A Primer on Racism
The many uses of the word and how legit they are.
More than a few naive souls hoped that the election of Barack Obama signaled a new era of racial harmony. Instead, alas, American race relations have entered a bizarre new phase in which tension is ubiquitous and almost anyone can claim to be the victim of racism. Former President Jimmy Carter lamented that "there is an inherent feeling among many in the country that an African-American should not be president," in reaction to Rep. Joe Wilson's now-infamous outburst during President Obama's congressional address. Also of late, the Rev. Al Sharpton and many others cried racism over a tasteless New York Post cartoon, Cambridge police were accused of "racial profiling" after arresting Harvard professor Henry Louis Gates Jr. at his home, and Newsweek asked "Is Your Baby Racist?" And although conservatives have long complained of unwarranted accusations of racism, two of their henchmen, Glenn Beck and Rush Limbaugh, have been shamelessly playing the race card.
Politicians and pundits on both the left and right abuse the term racism to tar their political enemies. But decent people with good intentions also overuse the term as they struggle to draw attention to racial injustices that do not involve overt bigotry. With the R-word used to describe so many different things, it no longer has a clear and agreed-upon meaning. Attorney General Eric Holder has urged Americans to talk bravely and openly about race, but how can we when we aren't speaking the same language? In the interest of democratic dialogue, I offer this rough-and-ready primer on racism for the not-so-post-racist era. Below, I'll define several of the more commonly cited types of racism and offer my humble opinion as to whether they deserve the label.
Many businesses, schools, clubs, and other organizations are racially homogenous or segregated, even though no one deliberately excludes racial minorities or tries to prevent them from succeeding. For instance, although roughly half of all college football players are black, only about 5 percent of head coaches are.
Retired NBA star Charles Barkley made headlines when he claimed that his alma mater, Auburn University, was racist after it hired a white candidate—Gene Chizik—over a black candidate—Turner Gill—who had a better coaching record. But the larger problem is probably the college booster networks that help raise money for college sports. If a white coach can more easily establish a rapport with alumni than a black coach—whether the underlying reason is cultural similarities, long-standing social networks, prejudice, or some combination of the three—the college might prefer him for a reason that has nothing to do with race. Namely, money. On the other hand, if alumni prefer white coaches because of their race, then racism is still the root cause. And even if no one involved is a bigot, many scholars and activists would insist that this is a form of institutional racism. The term institutional racism suggests moral fault and culpability when often the racial inequity is unintentional. But, intended or not, practices that create "built-in headwinds" for minority groups are a serious injustice.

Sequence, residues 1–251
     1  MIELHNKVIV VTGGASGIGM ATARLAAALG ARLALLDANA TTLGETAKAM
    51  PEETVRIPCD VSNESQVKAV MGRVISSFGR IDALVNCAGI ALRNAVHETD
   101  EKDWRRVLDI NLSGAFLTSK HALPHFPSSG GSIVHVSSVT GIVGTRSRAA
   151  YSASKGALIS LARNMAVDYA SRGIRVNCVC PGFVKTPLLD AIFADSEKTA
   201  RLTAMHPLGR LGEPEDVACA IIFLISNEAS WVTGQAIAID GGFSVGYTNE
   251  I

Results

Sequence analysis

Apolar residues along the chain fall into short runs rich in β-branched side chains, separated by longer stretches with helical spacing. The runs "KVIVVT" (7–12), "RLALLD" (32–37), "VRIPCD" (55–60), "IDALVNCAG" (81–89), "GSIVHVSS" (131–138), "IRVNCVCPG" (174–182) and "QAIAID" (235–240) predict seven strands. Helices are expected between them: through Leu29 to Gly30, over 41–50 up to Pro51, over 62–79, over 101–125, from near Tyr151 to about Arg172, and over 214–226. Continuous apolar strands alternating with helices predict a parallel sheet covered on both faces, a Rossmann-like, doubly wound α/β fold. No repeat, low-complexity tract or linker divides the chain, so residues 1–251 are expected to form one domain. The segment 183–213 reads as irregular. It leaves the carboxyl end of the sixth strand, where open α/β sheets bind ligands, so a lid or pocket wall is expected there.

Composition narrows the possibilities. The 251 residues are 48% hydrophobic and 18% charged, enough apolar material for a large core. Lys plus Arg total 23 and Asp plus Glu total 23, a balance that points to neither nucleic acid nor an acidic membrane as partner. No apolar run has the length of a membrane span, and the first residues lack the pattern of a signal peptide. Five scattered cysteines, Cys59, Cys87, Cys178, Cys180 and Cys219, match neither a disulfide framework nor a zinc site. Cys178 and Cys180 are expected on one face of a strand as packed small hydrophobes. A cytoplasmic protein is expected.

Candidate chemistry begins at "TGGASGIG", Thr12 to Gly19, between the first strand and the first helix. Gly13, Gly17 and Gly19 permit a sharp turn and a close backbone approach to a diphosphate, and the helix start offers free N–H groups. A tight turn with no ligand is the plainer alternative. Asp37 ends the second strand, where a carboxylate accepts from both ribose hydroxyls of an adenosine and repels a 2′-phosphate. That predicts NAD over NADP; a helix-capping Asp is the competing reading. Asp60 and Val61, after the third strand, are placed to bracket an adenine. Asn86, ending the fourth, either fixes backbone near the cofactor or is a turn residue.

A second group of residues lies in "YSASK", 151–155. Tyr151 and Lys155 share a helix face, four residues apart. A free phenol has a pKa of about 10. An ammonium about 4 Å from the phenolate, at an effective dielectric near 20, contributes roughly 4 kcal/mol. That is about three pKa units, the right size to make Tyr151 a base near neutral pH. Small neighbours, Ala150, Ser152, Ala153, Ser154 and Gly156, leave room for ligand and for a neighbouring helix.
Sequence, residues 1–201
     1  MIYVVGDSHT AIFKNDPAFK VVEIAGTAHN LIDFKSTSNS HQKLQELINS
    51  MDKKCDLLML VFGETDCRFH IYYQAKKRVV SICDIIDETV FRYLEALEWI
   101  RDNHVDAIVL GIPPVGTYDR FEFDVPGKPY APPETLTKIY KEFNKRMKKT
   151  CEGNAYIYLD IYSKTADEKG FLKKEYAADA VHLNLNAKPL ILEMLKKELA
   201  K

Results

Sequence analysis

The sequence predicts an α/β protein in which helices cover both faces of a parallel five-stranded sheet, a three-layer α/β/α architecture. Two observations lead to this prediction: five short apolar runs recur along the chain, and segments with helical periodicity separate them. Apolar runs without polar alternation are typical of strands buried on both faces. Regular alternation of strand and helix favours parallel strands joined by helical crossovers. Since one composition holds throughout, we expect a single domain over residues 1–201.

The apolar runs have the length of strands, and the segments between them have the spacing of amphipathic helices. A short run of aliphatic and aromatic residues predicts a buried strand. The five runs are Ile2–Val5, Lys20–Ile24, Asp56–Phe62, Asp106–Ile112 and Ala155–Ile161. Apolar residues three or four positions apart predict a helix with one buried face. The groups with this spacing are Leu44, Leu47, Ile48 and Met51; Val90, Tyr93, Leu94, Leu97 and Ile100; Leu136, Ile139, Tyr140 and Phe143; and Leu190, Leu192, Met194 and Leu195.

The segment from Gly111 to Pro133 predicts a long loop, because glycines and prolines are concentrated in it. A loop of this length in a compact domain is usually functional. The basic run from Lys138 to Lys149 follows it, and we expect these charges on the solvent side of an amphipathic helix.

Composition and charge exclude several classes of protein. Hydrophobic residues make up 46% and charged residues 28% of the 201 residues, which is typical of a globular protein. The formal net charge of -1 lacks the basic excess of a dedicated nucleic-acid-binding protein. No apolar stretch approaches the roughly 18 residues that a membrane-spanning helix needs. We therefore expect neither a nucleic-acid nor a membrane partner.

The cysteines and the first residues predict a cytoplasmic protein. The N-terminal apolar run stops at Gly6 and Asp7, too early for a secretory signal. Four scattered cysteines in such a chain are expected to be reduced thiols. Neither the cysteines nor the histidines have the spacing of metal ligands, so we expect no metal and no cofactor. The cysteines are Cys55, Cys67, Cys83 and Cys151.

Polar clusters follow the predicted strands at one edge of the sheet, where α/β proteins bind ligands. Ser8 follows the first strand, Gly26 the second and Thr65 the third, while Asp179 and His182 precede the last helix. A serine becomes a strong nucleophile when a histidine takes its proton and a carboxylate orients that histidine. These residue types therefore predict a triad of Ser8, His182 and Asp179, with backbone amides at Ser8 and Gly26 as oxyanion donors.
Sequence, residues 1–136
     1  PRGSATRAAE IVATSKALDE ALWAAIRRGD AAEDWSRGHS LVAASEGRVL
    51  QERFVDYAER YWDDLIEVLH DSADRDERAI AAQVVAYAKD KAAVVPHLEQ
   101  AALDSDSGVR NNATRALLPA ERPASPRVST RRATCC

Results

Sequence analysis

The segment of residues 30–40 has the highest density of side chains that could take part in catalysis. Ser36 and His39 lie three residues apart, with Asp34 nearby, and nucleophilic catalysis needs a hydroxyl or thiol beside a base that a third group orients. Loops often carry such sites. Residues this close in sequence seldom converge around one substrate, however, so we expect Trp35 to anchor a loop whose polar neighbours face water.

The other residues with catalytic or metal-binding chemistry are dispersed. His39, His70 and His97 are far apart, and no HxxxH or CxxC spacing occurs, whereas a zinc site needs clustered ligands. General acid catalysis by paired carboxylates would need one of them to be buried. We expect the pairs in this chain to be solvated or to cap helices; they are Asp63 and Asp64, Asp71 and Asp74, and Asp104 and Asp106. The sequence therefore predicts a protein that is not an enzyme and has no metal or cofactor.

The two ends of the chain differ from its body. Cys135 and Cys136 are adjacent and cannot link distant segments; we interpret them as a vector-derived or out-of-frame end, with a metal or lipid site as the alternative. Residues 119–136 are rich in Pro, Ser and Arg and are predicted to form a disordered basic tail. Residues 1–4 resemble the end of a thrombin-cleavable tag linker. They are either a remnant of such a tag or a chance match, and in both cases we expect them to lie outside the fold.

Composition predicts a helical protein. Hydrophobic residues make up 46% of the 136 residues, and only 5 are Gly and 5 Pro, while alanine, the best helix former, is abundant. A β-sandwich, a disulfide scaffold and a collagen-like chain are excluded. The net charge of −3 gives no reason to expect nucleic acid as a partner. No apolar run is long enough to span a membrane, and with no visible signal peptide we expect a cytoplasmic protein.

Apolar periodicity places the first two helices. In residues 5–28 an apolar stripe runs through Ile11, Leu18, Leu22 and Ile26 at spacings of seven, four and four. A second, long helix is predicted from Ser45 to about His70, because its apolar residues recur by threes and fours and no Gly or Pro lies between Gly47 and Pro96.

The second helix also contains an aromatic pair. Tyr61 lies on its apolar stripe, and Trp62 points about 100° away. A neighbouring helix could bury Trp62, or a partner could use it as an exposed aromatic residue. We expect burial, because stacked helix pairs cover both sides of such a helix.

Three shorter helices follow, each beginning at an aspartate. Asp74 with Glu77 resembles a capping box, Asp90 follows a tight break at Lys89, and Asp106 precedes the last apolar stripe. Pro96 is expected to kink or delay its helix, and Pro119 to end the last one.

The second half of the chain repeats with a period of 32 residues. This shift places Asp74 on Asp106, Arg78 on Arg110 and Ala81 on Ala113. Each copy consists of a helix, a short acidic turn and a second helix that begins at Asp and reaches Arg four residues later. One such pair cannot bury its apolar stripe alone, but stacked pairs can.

Studies have shown that employers prefer résumés with conventional names to otherwise identical résumés with stereotypically black names like DeShawn or Shaniqua. Some employers may be weeding out blacks, but others may dislike not individual black people but what might be called "black culture." Employers who would be happy to hire a preppy Cosby kid might worry that people with "black names" are more likely to use ghetto slang, dress in gangster fashion styles, or cop a tough or sassy attitude on the job.
Is this racism? Maybe not. In a notorius speech, Bill Cosby lambasted poor blacks for contributing to their own misfortunes by using slang, dressing badly, and giving their children "names like Shaniqua, Taliqua, and Mohammed and all that crap." Cultural misunderstanding and hostility is a serious problem in today's increasingly cosmopolitan society. But when Cliff Huxtable can be called a racist, it's probably time to rethink our terms.
Harvard psychologist Mahzarin Banaji has developed a test designed to smoke out unconscious racial bias. The test requires the subject, under intensive time pressure, to match black and white faces with value-laden terms such as good, smart, and diligent or bad, stupid, and lazy. If you find it easier to match white faces with good terms and black faces with bad terms, you have exhibited what Banaji calls an implicit association between race and merit or virtue. Although she scrupulously avoids using the term herself, almost everyone else has predictably described the results of her research in terms of unconscious racism. And the results are disquieting: Almost 90 percent of whites exhibit some unconscious racism against blacks, while around half of all blacks exhibit anti-black bias.
Richard Thompson Ford teaches at Stanford Law School. His latest books are Rights Gone Wrong: How Law Corrupts the Struggle for Equality and Universal Rights Down to Earth.